The Pulse Survey’s weekly frequency is crucial to our process. One big survey per quarter or even per year won’t cut it, as it won’t give the employer any time to make the necessary changes to ensure a positive Employee Experience. Sending out forms often, lets the managers address potential issues before the situation takes a dramatic turn.
This does not mean that you should use the Weekly Pulse Survey instead of your traditional annual survey. It’s an additional element in your feedback gathering that gives a certain consistency to the process. This way, your quarterly or bi-yearly Engagement Survey won’t come as a surprise to your talent.
Sending out Pulse Surveys so frequently can also help you save costs. There are hidden financial benefits to this. It takes a few minutes for your employees to fill in a survey, and that’s not that expensive for your business. Now, compare this cost to the time and money you’d have to devote to putting out metaphorical fires, in case there was a big problem and you only realized it too late!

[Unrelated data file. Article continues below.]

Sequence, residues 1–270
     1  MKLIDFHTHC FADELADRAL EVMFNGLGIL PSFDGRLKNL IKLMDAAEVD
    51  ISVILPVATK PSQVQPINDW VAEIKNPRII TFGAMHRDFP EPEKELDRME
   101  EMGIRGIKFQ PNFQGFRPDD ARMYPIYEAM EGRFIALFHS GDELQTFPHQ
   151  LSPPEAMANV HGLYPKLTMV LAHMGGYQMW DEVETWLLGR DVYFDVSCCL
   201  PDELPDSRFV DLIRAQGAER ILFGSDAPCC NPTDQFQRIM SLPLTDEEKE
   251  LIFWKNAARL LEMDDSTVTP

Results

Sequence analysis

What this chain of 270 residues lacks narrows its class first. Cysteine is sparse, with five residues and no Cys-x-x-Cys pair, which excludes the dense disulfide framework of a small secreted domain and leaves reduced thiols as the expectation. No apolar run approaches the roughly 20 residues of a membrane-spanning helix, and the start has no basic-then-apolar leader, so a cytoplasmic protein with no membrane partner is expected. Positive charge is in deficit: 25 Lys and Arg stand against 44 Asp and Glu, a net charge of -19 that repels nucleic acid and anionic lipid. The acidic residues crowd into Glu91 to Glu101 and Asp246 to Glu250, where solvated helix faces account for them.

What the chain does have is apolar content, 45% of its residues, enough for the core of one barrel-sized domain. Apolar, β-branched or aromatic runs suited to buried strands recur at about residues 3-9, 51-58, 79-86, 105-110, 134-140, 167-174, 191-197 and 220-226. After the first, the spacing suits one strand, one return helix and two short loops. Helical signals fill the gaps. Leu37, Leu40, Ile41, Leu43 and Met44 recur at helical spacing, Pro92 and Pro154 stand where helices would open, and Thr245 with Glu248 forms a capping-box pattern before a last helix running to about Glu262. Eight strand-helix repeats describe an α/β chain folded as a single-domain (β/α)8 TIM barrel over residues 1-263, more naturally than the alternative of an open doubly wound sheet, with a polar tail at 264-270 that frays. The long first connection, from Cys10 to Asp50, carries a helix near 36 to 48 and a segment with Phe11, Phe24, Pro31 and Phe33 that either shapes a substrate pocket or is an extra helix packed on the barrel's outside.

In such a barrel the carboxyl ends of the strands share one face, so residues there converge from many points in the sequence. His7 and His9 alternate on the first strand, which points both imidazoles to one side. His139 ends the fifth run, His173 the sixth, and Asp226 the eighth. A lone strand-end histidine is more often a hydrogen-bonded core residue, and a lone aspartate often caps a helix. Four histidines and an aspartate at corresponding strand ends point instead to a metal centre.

What easier way for a CEO of taking the temperature of their organization?
The segmentation of the Weekly Pulse Survey results lets you drill down on the most affected departments and take the appropriate actions to mend what’s broken.
The data we get from these surveys is precious information to be shared during the Weekly CEO Update – another initiative that here at Starred we warmly recommend for you to apply. Afterward, address those problems directly through tailored initiatives.